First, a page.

Get ready for a messy war, one that involves very big companies and quite possibly, very big artists. On Monday afternoon, MegaUpload filed a lawsuit against Universal Music Group in the US District Court of Northern California (San Jose), alleging abuse of DMCA power. The cyberlocker giant is now claiming that UMG knowingly ordered YouTube to yank its ‘MegaUpload Song’ without a justified copyright claim, rendering this for viewers on Friday:
UMG has a quick pipeline into YouTube, but it remains unclear exactly what the copyright violation was. “On or about December 9, 2011, Defendants, and/or their representatives, viewed the
MEGAUPLOAD SONG VIDEO and decided to issue one or more DMCA takedown notices
to YouTube and others despite their knowledge that the use of the MEGAUPLOAD SONG
VIDEO did not infringe on any of Defendants’ copyrights,” the filing states.
> The complete filing is available here.
In a brief response to Digital Music News, Universal Music Group did not specify the direct violations, but did point to at least one unhappy artist. “This is an ongoing dispute that surfaced several weeks ago with respect to the unauthorized use of a performance from one of our artists,” a top executive at the label described. “We heard from a number of our other artists (and their representatives) who told us they’ve never consented to being portrayed in this video. As a result, at least one of them has already sent a takedown notice for this unauthorized use.”
That artist sounds like will.i.am, who plays a very prominent role endorsing MegaUpload throughout the video. But according to a recently-published article in the Hollywood Reporter, will.i.am attorney Ken Hertz claims his client did not authorize the publication of the ‘MegaUpload Song,’ at least in its current form. The disagreement is complicated by the video itself, which features will.i.am repeatedly stating, “When I want to send files across the globe, I use MegaUpload,” while also appearing to sing throughout multiple choruses.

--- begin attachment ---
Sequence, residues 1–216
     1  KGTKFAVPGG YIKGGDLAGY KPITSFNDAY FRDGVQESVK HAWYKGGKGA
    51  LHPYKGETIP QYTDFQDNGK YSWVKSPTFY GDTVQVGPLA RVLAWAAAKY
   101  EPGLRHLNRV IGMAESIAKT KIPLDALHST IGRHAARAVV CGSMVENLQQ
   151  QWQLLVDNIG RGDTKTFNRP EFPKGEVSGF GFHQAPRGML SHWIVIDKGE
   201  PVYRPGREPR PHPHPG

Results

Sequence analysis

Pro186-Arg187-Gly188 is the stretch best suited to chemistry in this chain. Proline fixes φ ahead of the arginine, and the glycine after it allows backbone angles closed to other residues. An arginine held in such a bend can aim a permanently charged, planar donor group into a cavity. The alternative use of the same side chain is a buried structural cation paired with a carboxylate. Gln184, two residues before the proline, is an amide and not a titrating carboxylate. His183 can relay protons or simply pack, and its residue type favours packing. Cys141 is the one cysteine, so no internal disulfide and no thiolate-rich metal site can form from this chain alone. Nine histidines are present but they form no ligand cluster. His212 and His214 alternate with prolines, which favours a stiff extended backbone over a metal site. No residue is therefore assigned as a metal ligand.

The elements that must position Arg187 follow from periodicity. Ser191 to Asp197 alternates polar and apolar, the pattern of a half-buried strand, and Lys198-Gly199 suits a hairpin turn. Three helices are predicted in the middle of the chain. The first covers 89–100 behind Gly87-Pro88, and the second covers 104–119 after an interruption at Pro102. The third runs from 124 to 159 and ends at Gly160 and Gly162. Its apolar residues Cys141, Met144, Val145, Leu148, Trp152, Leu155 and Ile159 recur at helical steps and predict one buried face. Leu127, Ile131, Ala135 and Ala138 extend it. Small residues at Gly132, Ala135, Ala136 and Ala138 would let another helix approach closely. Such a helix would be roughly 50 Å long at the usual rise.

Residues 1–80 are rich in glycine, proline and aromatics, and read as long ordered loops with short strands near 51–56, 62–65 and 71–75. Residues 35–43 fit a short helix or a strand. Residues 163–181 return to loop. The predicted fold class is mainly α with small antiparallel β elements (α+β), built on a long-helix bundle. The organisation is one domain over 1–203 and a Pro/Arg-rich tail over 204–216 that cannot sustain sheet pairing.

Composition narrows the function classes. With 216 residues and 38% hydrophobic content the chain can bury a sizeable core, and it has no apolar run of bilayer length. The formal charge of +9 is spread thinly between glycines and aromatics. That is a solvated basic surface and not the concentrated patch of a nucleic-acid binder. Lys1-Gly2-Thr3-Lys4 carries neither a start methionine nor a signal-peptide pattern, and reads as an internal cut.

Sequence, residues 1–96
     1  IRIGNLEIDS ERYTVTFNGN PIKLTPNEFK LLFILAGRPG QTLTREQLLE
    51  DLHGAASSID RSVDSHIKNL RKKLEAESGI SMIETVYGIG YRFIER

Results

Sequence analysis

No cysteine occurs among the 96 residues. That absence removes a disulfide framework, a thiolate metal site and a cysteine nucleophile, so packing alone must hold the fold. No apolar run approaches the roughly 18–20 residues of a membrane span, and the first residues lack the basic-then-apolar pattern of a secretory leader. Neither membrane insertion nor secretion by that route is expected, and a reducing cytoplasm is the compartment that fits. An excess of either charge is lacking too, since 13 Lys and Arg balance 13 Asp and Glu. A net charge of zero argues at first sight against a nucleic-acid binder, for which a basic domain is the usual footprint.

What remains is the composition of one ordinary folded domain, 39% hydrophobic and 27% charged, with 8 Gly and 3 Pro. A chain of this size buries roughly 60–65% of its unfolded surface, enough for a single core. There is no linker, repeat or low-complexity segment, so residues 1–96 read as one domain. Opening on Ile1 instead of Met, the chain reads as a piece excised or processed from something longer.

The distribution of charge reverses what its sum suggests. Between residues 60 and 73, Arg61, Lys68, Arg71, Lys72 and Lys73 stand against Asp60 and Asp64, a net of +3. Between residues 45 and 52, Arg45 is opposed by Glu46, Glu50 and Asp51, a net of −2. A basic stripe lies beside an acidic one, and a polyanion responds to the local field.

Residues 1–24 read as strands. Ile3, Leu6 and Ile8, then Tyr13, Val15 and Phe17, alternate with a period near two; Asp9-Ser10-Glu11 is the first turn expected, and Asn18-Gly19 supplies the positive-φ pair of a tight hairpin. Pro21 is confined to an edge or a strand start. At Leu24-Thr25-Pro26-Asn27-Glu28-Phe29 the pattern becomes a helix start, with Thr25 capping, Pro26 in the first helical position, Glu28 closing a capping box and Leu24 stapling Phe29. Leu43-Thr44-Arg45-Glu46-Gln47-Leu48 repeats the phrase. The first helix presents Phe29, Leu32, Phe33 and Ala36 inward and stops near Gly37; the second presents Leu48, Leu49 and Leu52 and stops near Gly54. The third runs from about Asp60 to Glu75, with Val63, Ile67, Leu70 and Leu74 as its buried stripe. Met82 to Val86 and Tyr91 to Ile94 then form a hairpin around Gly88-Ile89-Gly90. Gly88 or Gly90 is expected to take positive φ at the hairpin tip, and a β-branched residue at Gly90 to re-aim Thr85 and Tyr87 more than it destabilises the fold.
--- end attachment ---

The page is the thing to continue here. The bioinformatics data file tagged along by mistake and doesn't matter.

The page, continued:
In response, MegaUpload pointed to comprehensive agreements authorizing this use, opening the very real possibility of another, separate lawsuit ahead. In fact, the claim points to a dedicated recording session at Roundhouse Studios in Auckland, New Zealand, ‘primarily for the purpose of recording a promotional song and video’ and at ‘substantial expense to MegaUpload.’ That expense included the involvement of Printz Board, who is closely associated with the Black Eyed Peas and also has an agreement with UMG-owned Universal Music Publishing Group.
The question is what other artists have an issue with this spot, and whether MegaUpload neglected to properly secure their consent despite the recording session and explicit endorsements. Also entangled in this mess is Russell Simmons, Kanye West, Diddy, Game, and Alicia Keys, all of whom are also featured prominently in the song. The complete list of musicians and artists involved in this video, according to the lawsuit, are:
1. Kasseem Dean (Swizz Beatz)
2. Kanye West
3. Mary J. Blige
4. Estelle Swaray
5. Ciara Harris
6. Jayceon Taylor (Game)
7. Carmelo Anthony
8. Will Adams (will.i.am)
9. Kim Kardashian
10. Sean Combs (Diddy)
11. Alicia Keys
12. Chris Brown
13. Floyd Mayweather
14. Jamie Foxx
15. Jonathan Smith (Lil Jon)
16. Brett Ratner
17. Serena Williams
18. Russell Simmons